Obama He said it was important that the “foundational value” of religious freedom was upheld in India than anywhere else in the world. He said India will not succeed if it was “splintered” on the lines of religious faith, and both the US and India should “guard against” any efforts to divide them on religious lines. Obama said it wasn’t nuclear weapons and economic might but respect for human values that made a country strong. The American President said Indians take pride, and rightly so, in their icons like actor Shah Rukh Khan, yesteryears sprinter Milkha Singh and boxer M C Mary Kom.

Obama said the sight of the US president as the chief guest at the Republic Day would have seen unimaginable till some years back but that it has happened shows the possibility of the relationship and his own commitment to to the relationship. He spoke of the three million proud Indian Americans and how the US can be “India’s best partner”, but it was for Indians to decide. He said Prime Minister Modi and he have started working on the relationship “anew” that could give India advanced technology, American partnership in the health sector, to design smart cities, in building infrastructure, etc. Obama spoke of US welcoming to play a greater role in the Asia Pacific region, and at the UNSC but reminded that “with great power come great responsibility”, pointing out Myanmar and Sri Lanka where New Delhi could do more.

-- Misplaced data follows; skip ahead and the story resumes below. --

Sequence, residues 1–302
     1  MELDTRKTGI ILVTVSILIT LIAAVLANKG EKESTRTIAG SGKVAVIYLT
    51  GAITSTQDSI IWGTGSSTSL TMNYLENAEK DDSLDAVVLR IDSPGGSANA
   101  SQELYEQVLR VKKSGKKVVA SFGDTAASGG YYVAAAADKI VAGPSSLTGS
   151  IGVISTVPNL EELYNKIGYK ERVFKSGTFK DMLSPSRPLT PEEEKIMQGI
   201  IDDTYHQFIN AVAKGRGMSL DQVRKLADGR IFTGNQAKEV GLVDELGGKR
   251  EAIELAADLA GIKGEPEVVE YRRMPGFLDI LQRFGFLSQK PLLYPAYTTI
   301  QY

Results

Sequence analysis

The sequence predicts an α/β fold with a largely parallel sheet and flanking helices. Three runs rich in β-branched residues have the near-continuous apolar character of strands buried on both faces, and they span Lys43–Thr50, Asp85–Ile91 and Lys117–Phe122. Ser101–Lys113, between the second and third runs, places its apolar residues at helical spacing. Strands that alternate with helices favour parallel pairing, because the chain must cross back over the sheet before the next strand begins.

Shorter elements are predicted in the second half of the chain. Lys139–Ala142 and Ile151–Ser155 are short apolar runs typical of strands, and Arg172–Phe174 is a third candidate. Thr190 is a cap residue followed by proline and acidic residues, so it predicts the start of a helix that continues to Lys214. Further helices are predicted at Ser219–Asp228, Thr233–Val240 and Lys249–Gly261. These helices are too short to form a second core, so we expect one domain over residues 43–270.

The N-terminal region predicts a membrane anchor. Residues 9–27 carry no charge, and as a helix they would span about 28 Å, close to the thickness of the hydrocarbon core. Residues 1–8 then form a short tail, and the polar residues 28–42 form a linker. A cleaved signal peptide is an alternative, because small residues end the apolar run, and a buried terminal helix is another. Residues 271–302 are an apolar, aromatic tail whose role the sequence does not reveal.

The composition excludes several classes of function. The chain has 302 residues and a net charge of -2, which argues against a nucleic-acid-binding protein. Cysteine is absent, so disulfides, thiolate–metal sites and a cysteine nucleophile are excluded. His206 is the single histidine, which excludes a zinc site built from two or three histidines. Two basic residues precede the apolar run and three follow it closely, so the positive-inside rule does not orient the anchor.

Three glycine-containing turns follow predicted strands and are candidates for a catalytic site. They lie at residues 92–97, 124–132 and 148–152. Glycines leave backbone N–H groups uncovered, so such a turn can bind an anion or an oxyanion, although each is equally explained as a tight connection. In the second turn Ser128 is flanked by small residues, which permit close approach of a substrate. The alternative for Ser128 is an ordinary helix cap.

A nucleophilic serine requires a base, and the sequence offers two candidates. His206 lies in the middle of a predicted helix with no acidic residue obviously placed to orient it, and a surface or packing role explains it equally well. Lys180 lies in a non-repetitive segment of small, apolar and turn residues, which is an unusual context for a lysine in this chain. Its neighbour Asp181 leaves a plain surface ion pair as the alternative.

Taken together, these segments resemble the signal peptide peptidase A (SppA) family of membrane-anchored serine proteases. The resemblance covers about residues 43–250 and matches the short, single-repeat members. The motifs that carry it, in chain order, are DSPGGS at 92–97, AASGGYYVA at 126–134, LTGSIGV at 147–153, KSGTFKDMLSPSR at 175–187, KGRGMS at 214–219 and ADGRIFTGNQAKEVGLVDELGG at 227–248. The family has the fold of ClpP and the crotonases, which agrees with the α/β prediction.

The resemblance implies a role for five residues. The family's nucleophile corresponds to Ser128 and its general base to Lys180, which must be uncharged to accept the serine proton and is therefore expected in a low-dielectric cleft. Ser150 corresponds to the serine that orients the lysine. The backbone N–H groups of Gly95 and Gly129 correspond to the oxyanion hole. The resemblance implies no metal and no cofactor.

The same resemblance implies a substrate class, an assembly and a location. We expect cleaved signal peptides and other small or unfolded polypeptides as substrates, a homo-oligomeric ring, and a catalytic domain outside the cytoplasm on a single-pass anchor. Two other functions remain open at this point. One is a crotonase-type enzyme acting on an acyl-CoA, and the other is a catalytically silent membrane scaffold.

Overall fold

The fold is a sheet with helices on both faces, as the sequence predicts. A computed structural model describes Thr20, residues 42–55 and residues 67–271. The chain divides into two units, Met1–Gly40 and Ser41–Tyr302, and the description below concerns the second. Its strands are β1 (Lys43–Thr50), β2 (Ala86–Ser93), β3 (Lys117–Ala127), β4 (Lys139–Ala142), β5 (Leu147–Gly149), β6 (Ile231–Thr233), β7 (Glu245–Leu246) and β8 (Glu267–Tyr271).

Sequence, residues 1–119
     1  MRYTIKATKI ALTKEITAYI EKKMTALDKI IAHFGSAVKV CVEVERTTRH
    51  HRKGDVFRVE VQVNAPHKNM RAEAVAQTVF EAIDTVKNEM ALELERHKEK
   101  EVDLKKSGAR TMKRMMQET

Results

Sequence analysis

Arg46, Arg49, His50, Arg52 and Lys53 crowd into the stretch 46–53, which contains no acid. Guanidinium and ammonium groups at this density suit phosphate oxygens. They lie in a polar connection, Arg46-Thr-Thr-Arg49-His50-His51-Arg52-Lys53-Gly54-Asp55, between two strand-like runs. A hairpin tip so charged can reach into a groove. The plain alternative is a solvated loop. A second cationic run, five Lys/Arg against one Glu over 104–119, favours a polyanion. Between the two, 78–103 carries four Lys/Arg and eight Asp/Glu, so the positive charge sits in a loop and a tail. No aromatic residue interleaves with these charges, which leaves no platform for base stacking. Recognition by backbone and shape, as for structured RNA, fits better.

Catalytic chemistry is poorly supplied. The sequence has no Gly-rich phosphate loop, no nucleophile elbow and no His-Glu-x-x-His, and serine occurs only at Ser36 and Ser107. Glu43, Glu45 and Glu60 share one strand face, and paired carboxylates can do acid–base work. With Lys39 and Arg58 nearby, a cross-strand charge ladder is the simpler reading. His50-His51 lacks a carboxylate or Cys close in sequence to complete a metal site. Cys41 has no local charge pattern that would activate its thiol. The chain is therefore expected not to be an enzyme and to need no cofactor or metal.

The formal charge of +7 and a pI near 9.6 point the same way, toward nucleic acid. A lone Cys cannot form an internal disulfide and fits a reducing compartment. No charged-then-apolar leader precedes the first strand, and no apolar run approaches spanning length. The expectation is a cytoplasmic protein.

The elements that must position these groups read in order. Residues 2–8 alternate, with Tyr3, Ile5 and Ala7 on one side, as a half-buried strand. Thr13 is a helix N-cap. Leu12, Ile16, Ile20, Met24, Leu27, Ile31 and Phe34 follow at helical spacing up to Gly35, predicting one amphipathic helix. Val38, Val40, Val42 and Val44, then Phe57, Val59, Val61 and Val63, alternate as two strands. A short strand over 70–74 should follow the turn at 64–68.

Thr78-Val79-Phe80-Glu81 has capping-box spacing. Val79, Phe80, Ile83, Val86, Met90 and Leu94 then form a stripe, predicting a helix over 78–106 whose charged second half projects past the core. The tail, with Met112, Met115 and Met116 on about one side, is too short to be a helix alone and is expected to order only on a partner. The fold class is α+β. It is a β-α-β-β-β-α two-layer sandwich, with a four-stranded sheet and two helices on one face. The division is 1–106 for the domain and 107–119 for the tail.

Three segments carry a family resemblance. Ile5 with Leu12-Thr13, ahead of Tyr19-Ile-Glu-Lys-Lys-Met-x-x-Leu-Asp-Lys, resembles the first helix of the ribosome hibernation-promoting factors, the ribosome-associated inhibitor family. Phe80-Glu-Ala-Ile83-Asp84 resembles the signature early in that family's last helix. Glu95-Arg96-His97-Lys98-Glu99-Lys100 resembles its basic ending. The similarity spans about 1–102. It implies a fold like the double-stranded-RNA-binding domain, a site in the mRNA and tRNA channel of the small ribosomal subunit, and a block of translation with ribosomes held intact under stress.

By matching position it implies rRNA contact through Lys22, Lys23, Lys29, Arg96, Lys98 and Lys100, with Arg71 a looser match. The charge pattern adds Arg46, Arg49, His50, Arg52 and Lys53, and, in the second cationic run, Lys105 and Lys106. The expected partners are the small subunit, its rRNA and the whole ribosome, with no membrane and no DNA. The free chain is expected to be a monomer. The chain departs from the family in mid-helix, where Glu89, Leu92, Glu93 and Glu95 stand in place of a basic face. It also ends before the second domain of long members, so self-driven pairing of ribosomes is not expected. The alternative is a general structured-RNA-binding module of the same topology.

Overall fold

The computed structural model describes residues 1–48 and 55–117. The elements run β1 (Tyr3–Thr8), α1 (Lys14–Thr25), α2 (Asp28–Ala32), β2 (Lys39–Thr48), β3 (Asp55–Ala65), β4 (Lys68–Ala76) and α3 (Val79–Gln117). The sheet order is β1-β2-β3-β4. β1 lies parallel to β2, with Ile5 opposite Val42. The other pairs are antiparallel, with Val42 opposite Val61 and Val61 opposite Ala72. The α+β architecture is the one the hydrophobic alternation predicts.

Activist and Nobel laureate Kailash Satyarthi had been specially invited for the speech, and Obama acknowledged his contribution in dealing with issues of child trafficking. He said India and US needed to work together to end this “scourge of modern day slavery”, and also to mitigate the impact of climate change. He acknowledged that the US had contributed more to climate change and was cutting down its emissions, but called upon India to step up its efforts in its own interests as it was likely to be impacted by climate change with rising sea levels and melting Himalayan glaciers.

The US President also spoke at some length about growing inequality in both the US and India, and the need to give everyone equal opportunity. He said how Martin Luther King was introduced as a “fellow untouchable” during his visit to India in the late 1950s. Obama said his grandfather was a cook in the British Army in Kenya, and when Michelle and he were born many blacks didn’t have voting rights in the US and that he himself has faced discrimination in his life because of the colour of his skin.

Obama said neither he nor his wife came either from a famous family or wealthy background, but did well thanks to support from teachers and got scholarships. It was significant, Obama said, that the grandson of a cook could become the president of the US or a dalit (B R Ambedkar) help write the constitution or a tea seller (Modi) can become the PM.

Later in the evening, Obama and Modi’s recorded ‘Man ki Baat’ will be broadcasted from All India Radio.